Lorber Films

Interview: Radu Muntean on Tuesday, After Christmas

Interview: Radu Muntean on Tuesday, After Christmas

 

Comments Comments (0)

Radu Muntean, director and co-writer of the quietly powerful and erotic adultery drama Tuesday, After Christmas, is riding the crest of the Romanian New Wave. But this affable, assured young filmmaker resists such labels. In his mind, he’s simply a Romanian filmmaker lucky to have his work picked up for distribution. With Tuesday, After Christmas poised to attract more attention than any of Muntean’s previous films (which have had little or no exposure in America), Slant spoke with the director about his approach to filming his absorbing adultery tale.

The film’s opening scenes show the characters, Paul and his mistress Raluca, smiling and naked in bed. It’s very sexy and candid, setting up the film’s realistic tone. What made you decide to give viewers this striking first impression?

We didn’t mean it to be sexy. It was meant to be intimate and to show that they are good together somehow. The characters have already passed the infatuation phase.

I like that there’s a familiarity between the characters—especially the way Paul treats Raluca. Was that difficult to capture on film?

Mimi’s wife [Mirela Oprisor, who plays Paul’s wife Adriana in the film] wasn’t at the shooting—that’s for sure! Maria’s husband is one of the film’s screenwriters, so he wasn’t at the shooting either. It wasn’t easy, as you can imagine. We filmed this scene at the beginning, otherwise the pressure would have been too much. I wanted to shoot everything chronologically, to control the characters’ emotions and their evolution. We rehearsed a lot. Otherwise, the actors would have thought about [doing] this scene when they were shooting something else.

Was it risky to have leads who are married in real life play a married couple?

It wasn’t planned to be like this. Initially, I didn’t plan to cast Mirela [Oprisor] as Adriana. She was the best actress for the part. For me, she had a way of controlling the emotion of the character. It didn’t matter too much that they were married. I was thinking at some point that some of their intimacy would come into the film, and that was good.

You worked with Mimi Branescu before…

Yes, on previous films. We knew each other, and I knew Mirela, because she’s his wife. She almost played in Boogie [released in the U.S. under the title Summer Holiday], my previous film.

Why do you think Branescu’s character Paul is sympathetic?

It’s the human condition for me. That unrest that is inside you that somehow makes you go forward in life, but doesn’t allow you to be happy. If you really want something in life, when you succeed to have it, as in Paul’s situation, you immediately want something else. This kind of unrest is the center of the film.

So what is the appeal of this story for you?

I think it’s an age thing. Intimacy started to interest me a lot. I find what’s happening with people—intimacy, couples—more interesting than an action movie. The starting point of the film was this man in love with two women. For me, the main character hasn’t finished his relationship with his wife. There’s still something there. That’s what makes it painful and difficult, putting him in a situation where there is no good choice [between Adriana and Raluca]; either way it’s painful.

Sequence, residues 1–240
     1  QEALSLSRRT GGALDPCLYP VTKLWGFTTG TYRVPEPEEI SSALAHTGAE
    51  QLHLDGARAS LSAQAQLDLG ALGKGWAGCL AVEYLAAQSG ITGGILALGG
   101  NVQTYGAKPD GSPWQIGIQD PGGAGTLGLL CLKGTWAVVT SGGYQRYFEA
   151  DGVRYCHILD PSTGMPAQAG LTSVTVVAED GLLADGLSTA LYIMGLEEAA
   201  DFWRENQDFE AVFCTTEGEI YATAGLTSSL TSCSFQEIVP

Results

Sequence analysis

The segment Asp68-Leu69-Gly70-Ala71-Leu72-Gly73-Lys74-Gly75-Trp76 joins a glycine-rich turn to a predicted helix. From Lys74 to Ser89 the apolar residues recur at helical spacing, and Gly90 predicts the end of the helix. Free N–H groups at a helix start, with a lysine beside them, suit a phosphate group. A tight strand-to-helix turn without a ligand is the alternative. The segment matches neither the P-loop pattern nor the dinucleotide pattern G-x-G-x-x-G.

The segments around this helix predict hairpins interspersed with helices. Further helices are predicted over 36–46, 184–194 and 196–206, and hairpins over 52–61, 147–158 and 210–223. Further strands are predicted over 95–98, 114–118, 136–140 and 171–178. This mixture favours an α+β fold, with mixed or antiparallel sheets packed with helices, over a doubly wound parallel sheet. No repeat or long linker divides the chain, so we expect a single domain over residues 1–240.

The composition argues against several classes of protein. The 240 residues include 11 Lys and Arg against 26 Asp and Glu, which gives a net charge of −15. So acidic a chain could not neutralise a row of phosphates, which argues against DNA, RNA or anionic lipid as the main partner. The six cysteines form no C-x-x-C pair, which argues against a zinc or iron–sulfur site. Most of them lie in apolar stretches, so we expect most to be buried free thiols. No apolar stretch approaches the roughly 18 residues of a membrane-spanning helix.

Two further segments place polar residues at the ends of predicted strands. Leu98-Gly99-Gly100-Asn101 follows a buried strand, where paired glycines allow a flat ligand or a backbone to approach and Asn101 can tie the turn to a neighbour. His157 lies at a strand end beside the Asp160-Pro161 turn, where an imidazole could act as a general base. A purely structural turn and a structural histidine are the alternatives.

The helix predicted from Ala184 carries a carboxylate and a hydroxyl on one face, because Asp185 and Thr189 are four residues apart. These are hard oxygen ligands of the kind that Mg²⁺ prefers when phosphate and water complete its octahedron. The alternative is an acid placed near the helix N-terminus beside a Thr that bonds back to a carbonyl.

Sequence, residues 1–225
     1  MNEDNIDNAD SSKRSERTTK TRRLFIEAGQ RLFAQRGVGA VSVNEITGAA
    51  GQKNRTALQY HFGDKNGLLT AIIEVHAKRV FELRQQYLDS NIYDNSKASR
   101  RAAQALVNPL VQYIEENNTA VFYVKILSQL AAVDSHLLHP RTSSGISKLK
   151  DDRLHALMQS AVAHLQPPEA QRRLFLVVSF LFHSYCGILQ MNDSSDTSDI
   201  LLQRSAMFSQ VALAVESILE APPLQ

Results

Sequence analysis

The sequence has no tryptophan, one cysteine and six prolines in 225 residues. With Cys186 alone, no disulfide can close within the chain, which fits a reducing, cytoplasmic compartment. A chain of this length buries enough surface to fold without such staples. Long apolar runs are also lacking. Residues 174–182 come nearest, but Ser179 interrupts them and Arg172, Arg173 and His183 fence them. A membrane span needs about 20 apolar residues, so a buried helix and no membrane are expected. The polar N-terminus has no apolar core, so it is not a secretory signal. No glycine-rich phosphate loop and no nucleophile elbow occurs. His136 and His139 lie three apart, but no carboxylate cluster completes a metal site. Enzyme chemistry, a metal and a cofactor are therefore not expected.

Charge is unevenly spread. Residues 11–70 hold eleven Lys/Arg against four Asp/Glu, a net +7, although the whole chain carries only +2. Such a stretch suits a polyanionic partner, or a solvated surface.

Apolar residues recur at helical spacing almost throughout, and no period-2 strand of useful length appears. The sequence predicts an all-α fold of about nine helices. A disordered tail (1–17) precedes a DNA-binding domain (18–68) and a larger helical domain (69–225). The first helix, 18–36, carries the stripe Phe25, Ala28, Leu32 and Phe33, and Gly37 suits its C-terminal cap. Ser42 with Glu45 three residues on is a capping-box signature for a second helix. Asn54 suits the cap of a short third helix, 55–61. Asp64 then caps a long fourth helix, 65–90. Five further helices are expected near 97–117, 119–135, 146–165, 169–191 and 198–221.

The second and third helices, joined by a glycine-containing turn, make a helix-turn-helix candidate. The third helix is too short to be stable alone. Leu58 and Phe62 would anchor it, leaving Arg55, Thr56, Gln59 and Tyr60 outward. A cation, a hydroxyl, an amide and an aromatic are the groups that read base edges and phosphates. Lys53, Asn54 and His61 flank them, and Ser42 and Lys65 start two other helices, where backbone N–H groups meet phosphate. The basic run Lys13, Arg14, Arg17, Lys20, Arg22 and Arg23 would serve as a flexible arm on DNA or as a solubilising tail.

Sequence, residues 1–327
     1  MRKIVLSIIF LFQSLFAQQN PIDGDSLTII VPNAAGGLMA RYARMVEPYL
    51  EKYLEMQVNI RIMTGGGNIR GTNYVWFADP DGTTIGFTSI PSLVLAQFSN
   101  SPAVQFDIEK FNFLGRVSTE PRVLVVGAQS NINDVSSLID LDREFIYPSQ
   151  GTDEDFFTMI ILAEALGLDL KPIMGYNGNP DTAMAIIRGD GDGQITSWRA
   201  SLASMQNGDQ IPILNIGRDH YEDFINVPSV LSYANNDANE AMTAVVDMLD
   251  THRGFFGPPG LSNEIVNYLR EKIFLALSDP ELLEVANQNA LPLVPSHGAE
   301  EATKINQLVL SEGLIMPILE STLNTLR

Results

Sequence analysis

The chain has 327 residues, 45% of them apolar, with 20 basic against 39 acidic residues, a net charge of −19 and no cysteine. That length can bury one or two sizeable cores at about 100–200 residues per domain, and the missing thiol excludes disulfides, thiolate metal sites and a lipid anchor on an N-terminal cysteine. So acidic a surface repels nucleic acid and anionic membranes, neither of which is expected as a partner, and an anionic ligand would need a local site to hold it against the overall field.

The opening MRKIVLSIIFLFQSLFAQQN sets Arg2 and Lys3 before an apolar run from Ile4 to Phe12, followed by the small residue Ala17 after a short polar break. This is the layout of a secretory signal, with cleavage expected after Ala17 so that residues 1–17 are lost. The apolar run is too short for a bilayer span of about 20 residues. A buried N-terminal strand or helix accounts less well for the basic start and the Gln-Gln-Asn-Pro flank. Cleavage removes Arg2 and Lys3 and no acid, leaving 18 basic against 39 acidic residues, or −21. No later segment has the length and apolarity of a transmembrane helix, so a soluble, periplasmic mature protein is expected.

Are you married?

Yes.

You portray the rhythm of married life well, and juxtapose it shrewdly with the affair. Was that narrative structure deliberate?

Not in the way you are saying, but these were 10 days in Paul’s life just before Christmas. I wanted to show that somehow both women had a part of his life. It’s like him being married twice at the same time. I wanted to see him in both situations.

You also take a static-camera approach to the storytelling, using very long shots, and almost no camera movement. Can you discuss that?

It was important for me to be as invisible as I could. I don’t want the viewer to focus on what I was doing, but on the film. I wanted to give the impression that Paul was constructing his own story; that’s the most direct way of telling a personal story so it becomes personal for the audience. That’s my goal. I want the film to insinuate in the viewer’s mind, somehow, by itself. Of course, I’m manipulating things, but I don’t want to give the impression that I’m manipulating things. That’s the reason why the camera is not a character. It’s not following the characters; it’s not acting like it has a personality. It’s a bit voyeuristic, probably, but that’s the way I’ve planned it.

How did you collaborate on the film with your co-writers?

It’s my third film with them. We are good friends, and we have almost the same taste in cinema. We worked for several months on the synopsis. I came with the idea, and we started developing the characters and their motivations. Then we split into three and each writes his part of the story. We discuss among ourselves, make adjustments, and put it all together until we have a first draft. We made some more adjustments after the rehearsal, and seeing how the words were in the actors’ mouths. It seems simple, but it’s not always easy to synchronize, especially when you are talking about such a personal story. Each of us has a different life experience, and we relate differently to narrative situations in the script.

The film feels so natural, I’m wondering if the actors improvised anything?

Absolutely not! We rehearsed a lot. Through the whole film there was no improvisation. We added 20 words after the rehearsals.